February is the shortest month of the year. February is also usually the coldest month of the year. In my family, February is also a big birthday month with my father, my mother, my husband, his mother and father all having birthdays within two weeks of each other. But for me, February has always been my favorite month (tied with my birth month, August) because February is Black History Month.
Black History Month started out as Negro History Week in 1926 by Dr. Carter G. Woodson. The second week of February was chosen in honor of Fredrick Douglass and Abraham both had birthdays during that week, and the founding of the NAACP on February 9, 1909. It was officially recognized as Black History Month in 1976 by President Gerald Ford.
I was always that kid in school when I had to research or write a report, I would always find an African American within the subject. I would read books in high school about Black history for entertainment. I still read autobiographies on African Americans and watch documentaries on Black history because that’s what I enjoy. Black history has always been my first love although I didn’t pursue it in education or occupation. But this love of Black history that is often looked over in American history has given me a solid foundation as a family historian researching African American ancestry.
Throughout my teens and 20s I learned about all the prominent African Americans, Dr. Martin Luther King Jr., Malcolm X, Jackie Robinson, Harriet Tubman, Dorothy I. Height, Langston Hughes, Dorothy Dandridge, Daisy Bates, the Tuskegee Airmen, and Phyllis Wheatley just to name a few. But in my 30’s I started researching my family and my hometown community and that’s when I started learning about the drum majors of social change and education in my local area like, Gladys Denson Mays, Nola Holt Royster, John L Colbert, and Ollie Adams Burton. I was able to learn about my 3X great grandfather, Robert Hatchett, who was enslaved in Arkansas and was emancipated by Col Samuel Curtis on July 03, 1862, in Jackson County Arkansas. I learned about my grandfather’s singing group, the United Harmonizers, being the first African Americans to have a program on KNBY in Newport, Arkansas. I was able to walk back in time and tour the Southern Tenant Farmers Museum, perhaps walking in some of the places my ancestors had walked over a century ago. I am finding Black history and American history within my own family.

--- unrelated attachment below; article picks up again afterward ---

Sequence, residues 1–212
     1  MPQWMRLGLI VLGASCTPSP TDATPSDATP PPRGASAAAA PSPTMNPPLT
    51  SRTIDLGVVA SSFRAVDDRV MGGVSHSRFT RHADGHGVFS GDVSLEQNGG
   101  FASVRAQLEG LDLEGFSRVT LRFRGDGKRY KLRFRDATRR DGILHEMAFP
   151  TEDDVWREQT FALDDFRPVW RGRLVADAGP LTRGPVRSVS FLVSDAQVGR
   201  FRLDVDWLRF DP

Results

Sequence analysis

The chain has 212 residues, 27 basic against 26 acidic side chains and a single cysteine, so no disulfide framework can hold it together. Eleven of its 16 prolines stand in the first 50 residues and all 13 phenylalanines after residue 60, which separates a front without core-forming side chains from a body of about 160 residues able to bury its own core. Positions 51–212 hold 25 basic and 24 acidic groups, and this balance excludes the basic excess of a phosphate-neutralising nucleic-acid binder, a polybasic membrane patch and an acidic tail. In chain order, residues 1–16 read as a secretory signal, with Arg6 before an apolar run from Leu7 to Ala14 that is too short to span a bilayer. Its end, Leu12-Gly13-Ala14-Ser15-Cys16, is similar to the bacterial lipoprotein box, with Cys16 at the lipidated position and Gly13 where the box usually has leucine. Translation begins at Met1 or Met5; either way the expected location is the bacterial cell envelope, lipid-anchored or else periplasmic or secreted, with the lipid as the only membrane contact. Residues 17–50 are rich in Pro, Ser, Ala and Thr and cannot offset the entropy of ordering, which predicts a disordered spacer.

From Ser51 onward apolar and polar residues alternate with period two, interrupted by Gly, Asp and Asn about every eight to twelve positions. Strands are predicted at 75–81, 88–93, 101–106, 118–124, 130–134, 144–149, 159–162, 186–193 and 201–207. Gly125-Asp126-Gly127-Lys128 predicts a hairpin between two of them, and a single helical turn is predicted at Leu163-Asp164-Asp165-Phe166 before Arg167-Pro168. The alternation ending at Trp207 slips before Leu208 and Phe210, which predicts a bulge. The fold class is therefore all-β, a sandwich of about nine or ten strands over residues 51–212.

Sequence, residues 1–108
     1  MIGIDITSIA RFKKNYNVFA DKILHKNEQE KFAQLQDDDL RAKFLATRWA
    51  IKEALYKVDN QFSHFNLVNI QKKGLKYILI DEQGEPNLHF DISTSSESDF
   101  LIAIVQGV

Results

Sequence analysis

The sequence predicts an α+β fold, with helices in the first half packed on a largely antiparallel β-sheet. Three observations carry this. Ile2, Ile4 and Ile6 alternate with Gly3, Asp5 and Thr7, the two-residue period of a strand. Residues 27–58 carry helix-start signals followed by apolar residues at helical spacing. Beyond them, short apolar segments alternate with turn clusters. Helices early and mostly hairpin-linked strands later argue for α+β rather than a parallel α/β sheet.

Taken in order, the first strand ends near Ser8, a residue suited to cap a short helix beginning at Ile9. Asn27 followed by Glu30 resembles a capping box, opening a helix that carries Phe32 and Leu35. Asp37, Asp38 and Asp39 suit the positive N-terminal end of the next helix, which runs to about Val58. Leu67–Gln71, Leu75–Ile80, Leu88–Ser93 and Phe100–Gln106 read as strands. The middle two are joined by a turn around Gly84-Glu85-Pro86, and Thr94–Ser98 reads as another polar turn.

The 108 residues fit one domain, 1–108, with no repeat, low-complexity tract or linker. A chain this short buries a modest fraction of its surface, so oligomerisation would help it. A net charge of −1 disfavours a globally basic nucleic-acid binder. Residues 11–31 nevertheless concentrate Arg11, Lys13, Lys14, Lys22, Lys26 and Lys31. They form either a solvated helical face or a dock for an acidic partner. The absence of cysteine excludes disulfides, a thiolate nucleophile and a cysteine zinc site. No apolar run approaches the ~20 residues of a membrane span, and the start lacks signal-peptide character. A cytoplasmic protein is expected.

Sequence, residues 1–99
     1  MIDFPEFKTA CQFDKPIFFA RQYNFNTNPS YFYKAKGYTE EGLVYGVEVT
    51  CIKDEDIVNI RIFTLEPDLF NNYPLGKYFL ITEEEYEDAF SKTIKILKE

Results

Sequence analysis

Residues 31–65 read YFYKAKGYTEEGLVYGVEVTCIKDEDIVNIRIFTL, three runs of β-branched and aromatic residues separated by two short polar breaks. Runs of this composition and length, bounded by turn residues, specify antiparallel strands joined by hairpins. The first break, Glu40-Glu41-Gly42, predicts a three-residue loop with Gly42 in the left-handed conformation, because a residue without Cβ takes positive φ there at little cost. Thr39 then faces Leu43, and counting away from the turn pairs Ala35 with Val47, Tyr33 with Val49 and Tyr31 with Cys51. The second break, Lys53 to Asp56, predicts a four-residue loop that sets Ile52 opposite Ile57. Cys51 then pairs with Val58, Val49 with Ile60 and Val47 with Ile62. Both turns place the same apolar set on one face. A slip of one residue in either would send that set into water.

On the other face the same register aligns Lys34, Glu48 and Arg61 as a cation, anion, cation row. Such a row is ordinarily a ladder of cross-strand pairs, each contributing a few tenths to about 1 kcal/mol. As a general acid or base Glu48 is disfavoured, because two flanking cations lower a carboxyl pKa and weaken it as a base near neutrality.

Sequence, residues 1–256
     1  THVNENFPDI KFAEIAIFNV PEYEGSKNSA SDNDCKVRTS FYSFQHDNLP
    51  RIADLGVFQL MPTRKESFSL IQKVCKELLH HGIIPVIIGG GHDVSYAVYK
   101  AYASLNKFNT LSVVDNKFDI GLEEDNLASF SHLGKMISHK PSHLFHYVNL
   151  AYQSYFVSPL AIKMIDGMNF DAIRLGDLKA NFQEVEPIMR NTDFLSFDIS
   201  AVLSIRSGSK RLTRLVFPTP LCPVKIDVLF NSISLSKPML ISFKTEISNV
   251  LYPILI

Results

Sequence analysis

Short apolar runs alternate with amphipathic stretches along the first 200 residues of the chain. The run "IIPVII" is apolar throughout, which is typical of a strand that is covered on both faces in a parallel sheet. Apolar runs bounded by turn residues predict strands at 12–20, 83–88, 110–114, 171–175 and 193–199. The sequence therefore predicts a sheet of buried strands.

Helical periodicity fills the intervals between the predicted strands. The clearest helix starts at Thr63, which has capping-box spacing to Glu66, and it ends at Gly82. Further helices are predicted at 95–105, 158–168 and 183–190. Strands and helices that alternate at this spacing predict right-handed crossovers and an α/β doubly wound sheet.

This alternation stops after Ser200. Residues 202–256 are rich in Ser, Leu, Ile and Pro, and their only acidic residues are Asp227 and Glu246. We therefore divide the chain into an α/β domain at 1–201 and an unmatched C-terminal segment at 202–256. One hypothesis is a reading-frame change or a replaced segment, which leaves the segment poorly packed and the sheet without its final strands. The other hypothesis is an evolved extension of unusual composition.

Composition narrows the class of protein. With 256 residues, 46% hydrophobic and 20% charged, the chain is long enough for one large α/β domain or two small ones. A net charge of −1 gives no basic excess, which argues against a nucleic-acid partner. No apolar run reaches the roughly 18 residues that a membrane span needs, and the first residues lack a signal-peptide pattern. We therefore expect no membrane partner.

I celebrate Black History throughout the entire year. But during Black History Month I like to share what I have learned about my family because history makers aren’t always famous. I celebrate Black History Month by engaging others in our history both my family history and our nation’s history. Because of this genealogy journey the phrase ‘I’m Black and I’m Proud’ has taken on a whole new meaning for me. How are you celebrating Black History Month? Is it a year-long celebration or just a month? What interesting historical information have you found during your family history research?